Transport delays from South Africa against a backdrop of increasingly robust Chinese demand have fuelled a price rally for cobalt hydroxide, used to make chemicals for electric vehicle batteries.
Chinese cobalt refiners have moved to replenish stocks of hydroxide feedstock as they gear up for a rebound in demand as coronavirus lockdowns are eased.
But COVID-19 lockdowns in southern Africa have created bottlenecks, delaying cobalt shipments from Zambia and the Democratic Republic of Congo, which accounts for over 70% of global supply.
“We are seeing a scramble for cobalt hydroxide in China, (but) buyers are finding it isn’t there,” said Benchmark Mineral Intelligence’s (BMI) head of price assessment Caspar Rawles.
Cobalt from Congo comes in the form of hydroxide which is converted into chemicals for the lithium-ion batteries used in electric vehicles, mobile phones and the aerospace industry.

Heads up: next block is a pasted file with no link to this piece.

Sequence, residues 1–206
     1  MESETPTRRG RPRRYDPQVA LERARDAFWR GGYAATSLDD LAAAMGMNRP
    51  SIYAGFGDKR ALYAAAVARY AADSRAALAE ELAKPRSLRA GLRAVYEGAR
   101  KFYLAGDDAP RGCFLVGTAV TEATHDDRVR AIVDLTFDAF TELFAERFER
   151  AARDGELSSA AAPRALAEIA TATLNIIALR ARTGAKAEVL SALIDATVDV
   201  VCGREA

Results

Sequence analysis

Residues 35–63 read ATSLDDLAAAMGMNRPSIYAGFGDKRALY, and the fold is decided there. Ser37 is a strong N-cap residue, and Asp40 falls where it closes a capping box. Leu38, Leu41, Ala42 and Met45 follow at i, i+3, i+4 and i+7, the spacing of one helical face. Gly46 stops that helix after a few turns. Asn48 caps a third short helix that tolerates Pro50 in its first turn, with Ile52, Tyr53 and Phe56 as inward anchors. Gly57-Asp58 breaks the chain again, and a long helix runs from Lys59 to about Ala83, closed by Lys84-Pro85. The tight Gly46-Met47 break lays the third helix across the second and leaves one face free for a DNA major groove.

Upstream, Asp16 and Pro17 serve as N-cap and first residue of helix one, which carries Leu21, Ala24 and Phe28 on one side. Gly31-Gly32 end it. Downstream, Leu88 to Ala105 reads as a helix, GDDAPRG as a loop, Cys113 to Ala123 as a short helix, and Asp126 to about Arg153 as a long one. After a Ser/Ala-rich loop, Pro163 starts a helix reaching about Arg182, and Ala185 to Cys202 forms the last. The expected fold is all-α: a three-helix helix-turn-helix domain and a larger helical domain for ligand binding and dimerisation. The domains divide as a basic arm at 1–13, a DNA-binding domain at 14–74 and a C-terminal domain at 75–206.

Cobalt hydroxide prices are typically a percentage of the metal price, known as a payable. According to an assessment by BMI, payables hit levels around 75% in July, their highest in two years, from around 67% last month.
Traders said payables had risen even further, to around 85% currently.
China dominates the supply chain for electric vehicle batteries, makers of which are struggling to source cobalt products.
Cobalt prices on the London Metal Exchange are at US$33,000 a tonne, the highest since early March and up more than 15% since the end of July, when the price slide due to stalled activity and COVID-19 lockdowns came to an end.
However, surpluses are still expected this year, with CRU Group’s George Heppel putting the number at 6,000 tonnes while BMI forecasts an oversupply of around 5,000 tonnes.
The September cobalt contract on the Wuxi Stainless Steel Electronic Trading Center – a reference for spot deals in China – is up 20.6% since the end of June at 286 yuan (US$40.95) a kilo.
News source: Reuters